shutdown of Fessenheim, or the end of a …


The first reactor at the Fessenheim nuclear power plant in Alsace will be shutdown on Saturday. Construction of the oldest nuclear power plant in France had started in 1970, along the Rhine, facing Germany and not far from the Swiss border.

Its two pressurized water reactors, with a power of 900 megawatts (MW) each, were put into service in 1977. Germany holds a participation of 17.5% and Switzerland of 15%, which gives them the right to an equivalent share of production.

Incidents and disputes

In the 1990s and 2000s, minor incidents followed one another: valve not properly closed, fault in the electrical system, microcracks on the cover of a reactor, error in handling by a chemist, water pollution, fuel leak, light contamination from employees or stakeholders…

The Nuclear Safety Authority (ASN) denounced in 2007 a “lack of rigor” on the part of EDF in the operation of this plant. French, German and Swiss associations as well as environmental MEPs are asking for its closure.

At the end of 2007, a study commissioned by the health departments of Basel-Stadt and the Jura estimated that the seismic risk had been underestimated during construction.

After Fukushima, tension mounts

The protest intensified in March 2011 after the Fukushima disaster in Japan. The cantons of Basel-City, Basel-Country and Jura, the German state of Baden-Württemberg, the Franche-Comté region and the city of Strasbourg request the shutdown of the reactors.

Ten thousand anti-nuclear demonstrators meet in front of Fessenheim on March 20, a 5 km human chain is formed around the site in June. But the intersyndicale is mobilizing against the closure of the site to preserve the 2000 direct and indirect jobs.

In July, ASN estimates that the operation of the plant can be extended by ten years subject to work.

Promise of Holland

On November 19, 2011, an agreement between PS and Europe Ecologie-Les Verts in preparation for the 2012 presidential election provides for the “gradual shutdown of 24 reactors” and “the immediate shutdown of Fessenheim”.

After his election, François Hollande announces the closure of Fessenheim for the end of 2016. Then, he de facto pushes the deadline to 2018, linking the end of the plant to the commissioning of the EPR at Flamanville, a so-called third reactor generation.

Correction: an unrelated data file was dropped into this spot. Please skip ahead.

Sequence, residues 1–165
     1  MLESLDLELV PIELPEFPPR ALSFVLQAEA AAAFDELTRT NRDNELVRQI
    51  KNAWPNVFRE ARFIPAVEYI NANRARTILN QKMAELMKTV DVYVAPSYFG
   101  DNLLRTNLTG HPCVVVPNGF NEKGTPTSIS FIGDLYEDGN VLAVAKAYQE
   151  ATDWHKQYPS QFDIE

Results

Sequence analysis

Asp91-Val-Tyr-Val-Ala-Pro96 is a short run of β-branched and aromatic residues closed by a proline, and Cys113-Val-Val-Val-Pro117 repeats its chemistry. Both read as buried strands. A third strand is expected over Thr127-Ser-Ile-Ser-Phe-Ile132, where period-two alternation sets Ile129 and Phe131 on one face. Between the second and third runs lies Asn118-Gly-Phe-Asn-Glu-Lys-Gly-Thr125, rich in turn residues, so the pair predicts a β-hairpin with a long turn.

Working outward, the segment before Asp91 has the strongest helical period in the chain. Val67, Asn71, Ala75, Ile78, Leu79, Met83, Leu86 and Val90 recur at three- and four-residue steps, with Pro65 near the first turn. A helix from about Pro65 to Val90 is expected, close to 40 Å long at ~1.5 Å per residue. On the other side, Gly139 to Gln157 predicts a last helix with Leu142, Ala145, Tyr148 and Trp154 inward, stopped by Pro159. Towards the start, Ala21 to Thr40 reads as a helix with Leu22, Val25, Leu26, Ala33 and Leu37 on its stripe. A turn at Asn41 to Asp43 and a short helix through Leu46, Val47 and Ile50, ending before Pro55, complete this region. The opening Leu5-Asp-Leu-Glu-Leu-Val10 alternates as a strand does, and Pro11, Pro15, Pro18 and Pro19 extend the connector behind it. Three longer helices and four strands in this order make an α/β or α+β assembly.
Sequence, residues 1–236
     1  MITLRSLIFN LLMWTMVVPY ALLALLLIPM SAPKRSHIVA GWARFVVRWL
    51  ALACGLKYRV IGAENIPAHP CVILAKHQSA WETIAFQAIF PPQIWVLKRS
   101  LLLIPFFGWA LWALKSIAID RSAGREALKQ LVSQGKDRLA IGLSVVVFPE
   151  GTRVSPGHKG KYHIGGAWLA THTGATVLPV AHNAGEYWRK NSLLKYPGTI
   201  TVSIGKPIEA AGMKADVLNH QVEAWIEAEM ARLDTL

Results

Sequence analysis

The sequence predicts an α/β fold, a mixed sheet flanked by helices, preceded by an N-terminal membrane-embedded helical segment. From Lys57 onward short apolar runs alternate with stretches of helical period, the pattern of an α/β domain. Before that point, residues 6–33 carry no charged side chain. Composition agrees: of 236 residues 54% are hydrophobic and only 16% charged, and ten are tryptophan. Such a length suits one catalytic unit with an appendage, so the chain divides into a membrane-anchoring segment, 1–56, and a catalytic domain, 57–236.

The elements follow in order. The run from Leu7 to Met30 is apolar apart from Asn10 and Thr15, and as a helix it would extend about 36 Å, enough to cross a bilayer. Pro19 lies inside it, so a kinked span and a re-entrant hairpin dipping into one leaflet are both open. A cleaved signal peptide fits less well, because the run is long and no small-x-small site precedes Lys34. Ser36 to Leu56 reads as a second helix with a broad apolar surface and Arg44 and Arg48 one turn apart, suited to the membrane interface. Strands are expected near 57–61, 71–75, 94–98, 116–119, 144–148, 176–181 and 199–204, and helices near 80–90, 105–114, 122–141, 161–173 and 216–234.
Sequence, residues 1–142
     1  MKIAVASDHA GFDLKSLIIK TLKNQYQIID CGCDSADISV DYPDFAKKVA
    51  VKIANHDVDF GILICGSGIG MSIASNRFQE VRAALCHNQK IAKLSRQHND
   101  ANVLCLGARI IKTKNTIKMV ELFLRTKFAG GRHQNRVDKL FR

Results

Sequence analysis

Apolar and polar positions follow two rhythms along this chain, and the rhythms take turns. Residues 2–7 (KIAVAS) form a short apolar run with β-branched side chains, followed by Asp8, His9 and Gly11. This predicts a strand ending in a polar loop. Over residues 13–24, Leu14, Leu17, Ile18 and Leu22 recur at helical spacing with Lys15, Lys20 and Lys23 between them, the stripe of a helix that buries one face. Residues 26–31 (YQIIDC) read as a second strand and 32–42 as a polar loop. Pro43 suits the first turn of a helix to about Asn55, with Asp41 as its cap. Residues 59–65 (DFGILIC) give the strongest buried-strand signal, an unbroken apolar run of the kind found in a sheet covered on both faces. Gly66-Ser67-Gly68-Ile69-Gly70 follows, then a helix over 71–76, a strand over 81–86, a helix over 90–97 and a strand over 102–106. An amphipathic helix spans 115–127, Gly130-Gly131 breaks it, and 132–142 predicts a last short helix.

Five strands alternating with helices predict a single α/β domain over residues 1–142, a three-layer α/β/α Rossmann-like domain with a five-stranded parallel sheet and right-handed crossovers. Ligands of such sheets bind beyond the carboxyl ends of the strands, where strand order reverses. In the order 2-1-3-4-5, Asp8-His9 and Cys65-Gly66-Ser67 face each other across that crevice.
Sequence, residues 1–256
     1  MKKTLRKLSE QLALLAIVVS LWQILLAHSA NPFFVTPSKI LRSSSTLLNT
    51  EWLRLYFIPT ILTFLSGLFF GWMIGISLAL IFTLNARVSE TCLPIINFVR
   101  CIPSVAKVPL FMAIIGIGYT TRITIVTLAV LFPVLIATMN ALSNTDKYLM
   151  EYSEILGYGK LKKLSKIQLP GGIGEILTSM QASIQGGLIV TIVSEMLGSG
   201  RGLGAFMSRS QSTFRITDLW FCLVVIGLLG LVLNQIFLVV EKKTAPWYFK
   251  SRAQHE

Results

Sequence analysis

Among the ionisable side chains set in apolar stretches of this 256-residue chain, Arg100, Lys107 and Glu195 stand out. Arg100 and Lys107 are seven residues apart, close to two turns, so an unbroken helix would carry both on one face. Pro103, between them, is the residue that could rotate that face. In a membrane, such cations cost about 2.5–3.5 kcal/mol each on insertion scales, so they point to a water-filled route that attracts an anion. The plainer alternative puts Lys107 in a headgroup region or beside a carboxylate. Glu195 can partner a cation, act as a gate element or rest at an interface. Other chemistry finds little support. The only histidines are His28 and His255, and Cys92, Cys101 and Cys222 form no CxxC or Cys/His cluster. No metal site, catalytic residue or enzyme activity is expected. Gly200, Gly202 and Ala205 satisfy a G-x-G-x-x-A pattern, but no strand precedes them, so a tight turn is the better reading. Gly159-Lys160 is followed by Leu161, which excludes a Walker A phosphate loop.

The closure decree

On April 9, 2017, the decree authorizing the closure of the power plant was published in the Official Journal. The operating authorization will only be revoked “from the date of entry into service of the Flamanville EPR”, specifies the decree. Appeals are brought by unions and communities.

EDF warns at the end of May 2018 that the closure could be postponed until the summer of 2019 in the face of the prospect of another delay for Flamanville. On October 4, the Minister for Ecological Transition François de Rugy indicates that the Fessenheim calendar could be independent of that of the EPR and that the Alsatian power station “will close during (the) mandate (of Emmanuel Macron), from here 2022 “.

Closed in “summer 2020”

On 22 October, ASN specifies that the two Fessenheim reactors must stop operating at the latest in 2020 and 2022 respectively, because the necessary studies and works have not been undertaken so that they can operate beyond.

Emmanuel Macron announced on November 27 that “the final shutdown” of the two Fessenheim reactors will be “in the summer of 2020”.

On February 1, 2019, François de Rugy signed a “territorial project”, a declaration of intent to support the conversion of the area around the power plant. A Franco-German mixed economy company will pilot several projects for the reconversion of the territory.

400 million euros

The government announced in September that the shutdown of reactor 1 at Fessenheim is scheduled for February 22 and the shutdown of reactor 2 on June 30. EDF will receive compensation of at least 400 million euros from the state for the early shutdown, which anti-nuclear associations dispute with Brussels.

In Basel, it’s a relief: Basel-City health director Lukas Engelberger (PDC) recalls that the cantonal government has always clearly demanded the closure of the Fessenheim plant. He said he was very satisfied with the shutdown of the first reactor on Saturday.

According to Isaac Reber (Greens), director of the cantonal environment department of Basel-Country, the safety of the population in the region will be significantly improved.

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